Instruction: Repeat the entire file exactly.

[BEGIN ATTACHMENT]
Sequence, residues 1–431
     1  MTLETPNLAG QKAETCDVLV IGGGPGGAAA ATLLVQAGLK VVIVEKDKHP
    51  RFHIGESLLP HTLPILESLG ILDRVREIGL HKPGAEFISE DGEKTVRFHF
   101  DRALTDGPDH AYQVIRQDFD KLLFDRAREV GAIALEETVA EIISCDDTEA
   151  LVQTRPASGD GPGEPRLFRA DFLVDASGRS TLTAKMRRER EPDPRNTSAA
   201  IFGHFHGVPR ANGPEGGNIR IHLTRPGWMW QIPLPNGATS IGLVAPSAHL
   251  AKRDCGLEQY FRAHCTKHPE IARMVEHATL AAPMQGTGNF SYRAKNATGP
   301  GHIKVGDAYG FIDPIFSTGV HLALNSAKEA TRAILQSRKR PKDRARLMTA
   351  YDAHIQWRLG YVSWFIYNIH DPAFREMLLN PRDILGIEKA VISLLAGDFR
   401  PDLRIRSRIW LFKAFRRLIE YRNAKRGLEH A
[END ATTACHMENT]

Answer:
Sequence, residues 1–431
     1  MTLETPNLAG QKAETCDVLV IGGGPGGAAA ATLLVQAGLK VVIVEKDKHP
    51  RFHIGESLLP HTLPILESLG ILDRVREIGL HKPGAEFISE DGEKTVRFHF
   101  DRALTDGPDH AYQVIRQDFD KLLFDRAREV GAIALEETVA EIISCDDTEA
   151  LVQTRPASGD GPGEPRLFRA DFLVDASGRS TLTAKMRRER EPDPRNTSAA
   201  IFGHFHGVPR ANGPEGGNIR IHLTRPGWMW QIPLPNGATS IGLVAPSAHL
   251  AKRDCGLEQY FRAHCTKHPE IARMVEHATL AAPMQGTGNF SYRAKNATGP
   301  GHIKVGDAYG FIDPIFSTGV HLALNSAKEA TRAILQSRKR PKDRARLMTA
   351  YDAHIQWRLG YVSWFIYNIH DPAFREMLLN PRDILGIEKA VISLLAGDFR
   401  PDLRIRSRIW LFKAFRRLIE YRNAKRGLEH A